YouTube Goes For The Holy Grail of TV


YouTube (s GOOG) has finally rolled out a new user interface, called YouTube Leanback, that promises a 10-foot viewing experience for connected devices. The UI, which was designed with Google TV in mind, aims to recreate the kind of non-stop viewing experience users have come to expect from watching TV.

YouTube Leanback was first introduced at Google I/O in May, when it was showing off what YouTube might look like on new Google TV devices. (To learn more about YouTube’s plans for Google TV, come see YouTube Director of Product Management Hunter Walk at NewTeeVee Live on November 10.) As a result, the new interface takes full advantage of a full TV screen for viewing videos that are typically shown on a PC.

But the more important part of making Leanback work is in providing an ongoing loop of programming to keep viewers watching. When a user first logs on to Leanback, the site offers up a stream of videos based on users subscriptions or viewing history. In addition, YouTube Leanback also provides a selection of 10 channels, which provide popular or interesting videos from different genres of content, such as Comedy, Entertainment, News and Science & Technology.

The “lean back” experience could be the holy grail of web video viewing, if YouTube can get it right. Currently, most users watch just 15 minutes of YouTube a day on average, Hunter Walk told reporters at a press event in July. But they watch five hours of TV, most of which is spent passively viewing what’s on. YouTube’s challenge, then, is to recreate a viewing experience where users don’t have to flip through videos finding the next thing they want to watch, but to provide them a continuous stream of compelling content. If it succeeds, viewers will spend more time on the site, YouTube video creators will get more views, and advertisers will show more ads. Everyone wins.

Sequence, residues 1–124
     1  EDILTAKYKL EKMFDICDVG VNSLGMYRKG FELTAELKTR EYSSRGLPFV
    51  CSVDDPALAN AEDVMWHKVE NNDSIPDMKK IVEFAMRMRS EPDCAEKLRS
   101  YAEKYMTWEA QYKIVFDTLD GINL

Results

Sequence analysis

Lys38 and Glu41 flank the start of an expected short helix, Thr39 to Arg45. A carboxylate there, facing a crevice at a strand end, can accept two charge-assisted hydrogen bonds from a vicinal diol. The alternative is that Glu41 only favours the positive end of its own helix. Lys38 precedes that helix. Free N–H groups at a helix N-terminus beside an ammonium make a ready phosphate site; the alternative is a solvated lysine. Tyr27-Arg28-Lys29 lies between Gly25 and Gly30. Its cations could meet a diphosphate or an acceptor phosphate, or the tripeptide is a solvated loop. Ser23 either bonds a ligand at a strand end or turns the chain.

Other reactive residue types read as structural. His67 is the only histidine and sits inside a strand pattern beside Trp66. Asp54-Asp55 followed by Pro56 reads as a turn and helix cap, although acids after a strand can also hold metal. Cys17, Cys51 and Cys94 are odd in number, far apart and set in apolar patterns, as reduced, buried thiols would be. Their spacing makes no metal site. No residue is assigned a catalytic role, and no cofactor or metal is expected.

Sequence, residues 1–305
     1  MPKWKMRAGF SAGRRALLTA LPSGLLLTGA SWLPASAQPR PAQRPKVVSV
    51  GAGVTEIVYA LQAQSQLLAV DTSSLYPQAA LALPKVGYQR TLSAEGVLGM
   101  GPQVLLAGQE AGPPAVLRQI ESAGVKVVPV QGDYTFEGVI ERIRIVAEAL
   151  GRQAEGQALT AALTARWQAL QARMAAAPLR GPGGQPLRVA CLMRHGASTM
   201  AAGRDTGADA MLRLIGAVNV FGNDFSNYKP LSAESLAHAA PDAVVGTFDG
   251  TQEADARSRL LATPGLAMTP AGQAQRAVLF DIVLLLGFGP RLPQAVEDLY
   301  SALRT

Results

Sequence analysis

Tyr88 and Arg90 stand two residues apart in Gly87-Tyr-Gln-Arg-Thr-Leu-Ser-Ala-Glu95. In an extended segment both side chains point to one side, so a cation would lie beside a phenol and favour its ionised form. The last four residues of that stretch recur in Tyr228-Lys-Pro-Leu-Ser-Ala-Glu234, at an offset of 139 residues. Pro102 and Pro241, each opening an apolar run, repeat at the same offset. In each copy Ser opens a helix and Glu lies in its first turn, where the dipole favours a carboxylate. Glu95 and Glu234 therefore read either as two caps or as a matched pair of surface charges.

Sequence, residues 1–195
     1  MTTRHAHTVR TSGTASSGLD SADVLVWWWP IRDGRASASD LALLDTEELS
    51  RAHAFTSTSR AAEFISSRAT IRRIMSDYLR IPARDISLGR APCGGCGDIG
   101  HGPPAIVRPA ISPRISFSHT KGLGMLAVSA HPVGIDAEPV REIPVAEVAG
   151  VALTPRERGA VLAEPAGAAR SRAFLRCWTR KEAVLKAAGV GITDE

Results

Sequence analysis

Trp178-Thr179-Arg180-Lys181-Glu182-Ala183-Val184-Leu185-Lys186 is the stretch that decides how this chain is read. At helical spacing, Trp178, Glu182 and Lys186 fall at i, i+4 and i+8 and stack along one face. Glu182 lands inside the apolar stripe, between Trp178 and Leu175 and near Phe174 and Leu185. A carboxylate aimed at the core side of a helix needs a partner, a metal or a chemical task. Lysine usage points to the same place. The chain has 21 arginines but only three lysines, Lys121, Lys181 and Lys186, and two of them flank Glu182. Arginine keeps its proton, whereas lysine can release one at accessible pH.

In addition to introducing a more passive viewing experience, YouTube is also making its rental store a part of YouTube Leanback, enabling viewers to rent streaming movie titles directly from within the Leanback interface. Making its rental store available on user TV sets may spur interest in rental offerings, which have yet to take off as part of YouTube’s web offering.

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Given some broad categories, and a Pandora-type system where one could hit to button to rate a video, this could provide a decent casual viewing experience, for times when one merely wants something on, but nothing in particular.

Steven Ortiz

I see what Youtube wants to accomplish with this new “Youtube Leanback”. Youtube Leanback is aiming for users to use it as they would with watching TV. Leanback is trying to expand the length of time users spend watching videos on Youtube.


Looks pretty useless at the moment. My subscriptions don’t seem to be an option. All I see is a list of irrelevant videos that YouTube thinks I had ought to watch.

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